5. As an associate member of AAS, I am not a physician (my first career was a registered nurse in a variety of settings) and I am technically retired having left my last employment – a mechanical engineer for Motorola – in 2000. My health is excellent with no significant dysfunctions nor any chronic problems, I (and my 71 year old husband, a Canadian citizen, also in similar excellent health) take a considerable number of preventative measures, and I have no medical care insurance. I would like to have a catastrophic insurance plan that would cover an unforeseen untoward event with a large deductible of say $25,000. However to date I have not found one that is of reasonable cost. Last November I was quoted at an insurance agency website for a $25k deductible, $131.88 per month as a 63 year old non smoker, this last being the *only* item that reduced the premium (however no increase would occur if obese but still a non-smoker!?!). The retort from the Vice President of sales for that company, when I questioned the quote, was that “a plan for a 43 year old would be much less”. $132 per month is not a small amount at all – $1584/year – and now at age 64 it would be even more, though my health has not deteriorated at all. This individual’s remarks (there were more) were such that it was clear that the insurance industry, of which he is a part, obviously takes the view that once smoking is eliminated, all other illnesses are, in essence, randomly caused and/or cannot be prevented/inhibited by “layman” actions. This was evident from his additional statement to me that based on my input, the online quote “given [was] the best possible rate we offer- Preferred Risk which with your current health status” from which any additional information he might get from/about me could only raise the monthly premium.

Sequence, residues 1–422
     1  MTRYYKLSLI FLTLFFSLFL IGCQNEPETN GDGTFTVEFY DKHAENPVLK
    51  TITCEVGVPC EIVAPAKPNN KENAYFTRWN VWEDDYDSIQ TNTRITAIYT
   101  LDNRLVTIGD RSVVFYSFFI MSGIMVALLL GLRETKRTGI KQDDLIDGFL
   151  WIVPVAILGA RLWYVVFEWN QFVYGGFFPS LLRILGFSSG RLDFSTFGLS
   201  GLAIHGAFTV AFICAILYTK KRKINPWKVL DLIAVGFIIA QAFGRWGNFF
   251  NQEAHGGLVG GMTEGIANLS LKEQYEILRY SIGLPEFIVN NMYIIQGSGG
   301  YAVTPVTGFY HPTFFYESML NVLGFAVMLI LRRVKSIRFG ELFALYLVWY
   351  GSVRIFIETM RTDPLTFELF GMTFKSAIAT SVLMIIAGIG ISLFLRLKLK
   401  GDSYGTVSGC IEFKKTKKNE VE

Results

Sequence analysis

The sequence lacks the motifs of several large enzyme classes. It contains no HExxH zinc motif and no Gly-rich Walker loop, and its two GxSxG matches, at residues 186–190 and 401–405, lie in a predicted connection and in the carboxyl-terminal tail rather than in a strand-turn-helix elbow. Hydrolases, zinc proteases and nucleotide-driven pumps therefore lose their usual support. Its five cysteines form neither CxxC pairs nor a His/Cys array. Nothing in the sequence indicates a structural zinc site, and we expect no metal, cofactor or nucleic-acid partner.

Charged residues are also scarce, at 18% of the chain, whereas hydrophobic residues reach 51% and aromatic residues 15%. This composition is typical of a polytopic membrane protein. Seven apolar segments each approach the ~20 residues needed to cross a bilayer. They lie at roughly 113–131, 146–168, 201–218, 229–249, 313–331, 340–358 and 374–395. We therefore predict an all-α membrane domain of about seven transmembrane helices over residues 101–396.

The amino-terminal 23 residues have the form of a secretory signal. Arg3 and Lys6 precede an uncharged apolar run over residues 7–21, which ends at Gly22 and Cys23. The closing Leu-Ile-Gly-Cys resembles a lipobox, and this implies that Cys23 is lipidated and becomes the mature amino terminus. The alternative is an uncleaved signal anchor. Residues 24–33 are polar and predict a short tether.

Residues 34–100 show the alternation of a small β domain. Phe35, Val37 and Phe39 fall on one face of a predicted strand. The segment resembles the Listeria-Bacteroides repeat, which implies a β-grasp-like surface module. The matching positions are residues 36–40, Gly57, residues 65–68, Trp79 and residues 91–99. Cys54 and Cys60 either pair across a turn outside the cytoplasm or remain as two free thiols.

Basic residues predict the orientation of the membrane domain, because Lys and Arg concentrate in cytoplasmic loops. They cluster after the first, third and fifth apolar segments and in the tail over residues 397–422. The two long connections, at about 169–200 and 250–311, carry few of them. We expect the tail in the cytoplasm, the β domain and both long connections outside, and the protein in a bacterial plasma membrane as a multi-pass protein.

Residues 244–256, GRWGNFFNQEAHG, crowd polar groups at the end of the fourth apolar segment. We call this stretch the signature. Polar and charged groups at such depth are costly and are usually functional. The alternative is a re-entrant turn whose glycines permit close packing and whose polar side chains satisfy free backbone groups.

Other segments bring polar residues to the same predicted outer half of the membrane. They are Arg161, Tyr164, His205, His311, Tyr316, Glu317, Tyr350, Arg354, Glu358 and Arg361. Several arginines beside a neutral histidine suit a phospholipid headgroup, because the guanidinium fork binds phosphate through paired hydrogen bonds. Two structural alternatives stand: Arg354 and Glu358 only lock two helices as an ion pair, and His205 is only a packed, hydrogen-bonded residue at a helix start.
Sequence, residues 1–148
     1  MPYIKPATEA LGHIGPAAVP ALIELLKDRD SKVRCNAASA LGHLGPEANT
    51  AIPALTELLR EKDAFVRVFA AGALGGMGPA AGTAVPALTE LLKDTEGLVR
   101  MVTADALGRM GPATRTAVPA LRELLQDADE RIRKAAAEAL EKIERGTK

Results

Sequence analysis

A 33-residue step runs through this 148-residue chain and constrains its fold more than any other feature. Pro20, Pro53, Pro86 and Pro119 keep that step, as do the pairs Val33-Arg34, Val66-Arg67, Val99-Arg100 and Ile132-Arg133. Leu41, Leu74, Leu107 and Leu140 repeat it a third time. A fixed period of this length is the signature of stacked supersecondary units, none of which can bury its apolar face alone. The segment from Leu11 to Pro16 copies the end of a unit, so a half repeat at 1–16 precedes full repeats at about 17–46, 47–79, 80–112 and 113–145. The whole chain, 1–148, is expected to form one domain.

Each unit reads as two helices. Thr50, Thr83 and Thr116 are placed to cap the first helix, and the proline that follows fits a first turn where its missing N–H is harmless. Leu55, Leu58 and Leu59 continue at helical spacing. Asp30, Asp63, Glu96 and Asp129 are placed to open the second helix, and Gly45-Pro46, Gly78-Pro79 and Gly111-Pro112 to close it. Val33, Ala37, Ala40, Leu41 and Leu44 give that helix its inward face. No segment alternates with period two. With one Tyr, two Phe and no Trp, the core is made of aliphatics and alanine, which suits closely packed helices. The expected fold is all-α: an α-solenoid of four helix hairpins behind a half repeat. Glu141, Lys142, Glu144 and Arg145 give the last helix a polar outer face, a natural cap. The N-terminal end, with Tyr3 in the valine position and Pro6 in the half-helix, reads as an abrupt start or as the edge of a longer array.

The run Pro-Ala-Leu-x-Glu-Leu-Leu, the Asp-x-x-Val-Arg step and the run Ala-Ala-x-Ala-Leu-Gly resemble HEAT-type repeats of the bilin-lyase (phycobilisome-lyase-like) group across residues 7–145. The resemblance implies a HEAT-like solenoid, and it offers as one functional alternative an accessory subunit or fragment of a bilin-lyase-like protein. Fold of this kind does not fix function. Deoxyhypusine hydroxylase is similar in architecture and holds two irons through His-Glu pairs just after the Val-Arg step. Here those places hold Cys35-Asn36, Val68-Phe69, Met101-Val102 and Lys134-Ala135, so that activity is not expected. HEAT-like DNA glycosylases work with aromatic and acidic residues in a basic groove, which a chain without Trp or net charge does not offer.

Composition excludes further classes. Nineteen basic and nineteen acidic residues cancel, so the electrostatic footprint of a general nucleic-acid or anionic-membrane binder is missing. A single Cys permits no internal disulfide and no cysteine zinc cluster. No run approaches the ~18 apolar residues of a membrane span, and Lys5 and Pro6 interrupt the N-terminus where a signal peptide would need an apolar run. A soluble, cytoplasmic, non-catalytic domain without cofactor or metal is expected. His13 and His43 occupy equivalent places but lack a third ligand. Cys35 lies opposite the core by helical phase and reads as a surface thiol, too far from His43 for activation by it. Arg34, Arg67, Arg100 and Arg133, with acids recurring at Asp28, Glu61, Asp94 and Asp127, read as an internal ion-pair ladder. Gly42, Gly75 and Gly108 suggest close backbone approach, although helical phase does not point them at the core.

Unfortunately there are a great number of physicians and other health care providers who hold the same view as this representative above from an insurance agency – and they say this specifically, or at least infer it, to their patients. Consequently a very great number of people (likely most in the US and elsewhere) think that there is nothing they can do to positively affect their “genetic destiny”, an increasingly popular phrase in the mass media in the past 10 years (but older in the sciences). Couple this view with the greatly diminished practice of direct payment for medical services since employer-paid health benefits began during WWII, plus Medicare and Medicaid, and it is not at all surprising that so much of the US population is obese with the numerous health problems that accompany that state. I am convinced that if individuals had to pay for their health care services, they would take far more interest in and actions toward regaining and/or maintaining a high level of health in body, brain and mind, throughout their lives.

    As I noted at the top of the many forwarded emails I sent recently of the AAPS Action Alert regarding fighting government takeover of medicine, I do not want government telling me what doctors I can consult and what treatments I can obtain with my own money – they already do large amounts of the latter via the FDA, which I also want eliminated. And I definitely do not want to be dictated to that I must purchase medical “insurance” or be fined *and* to be taxed higher than I already am.

    I do and will continue to consult physicians when I think it will benefit me – which is very rarely. I will continue to take all the health promoting measures that I and my husband, Paul Wakfer, consider to likely benefit us. (He is highly knowledgeable in human biochemistry and nutrition and regularly monitors all related research). It is highly unlikely that any untoward health event will bankrupt us as the group Physicians for a National Health Program claim. This is not because either of us is a Warren Buffett – ” ‘Unless you’re Warren Buffett, your family is just one serious illness away from bankruptcy,’ said David Himmelstein, an associate professor of medicine at Harvard.” – but because we have no debts, have a moderate amount of savings/investments/assets and because of our health degeneration preventative practices. I heartily encourage others to do similarly.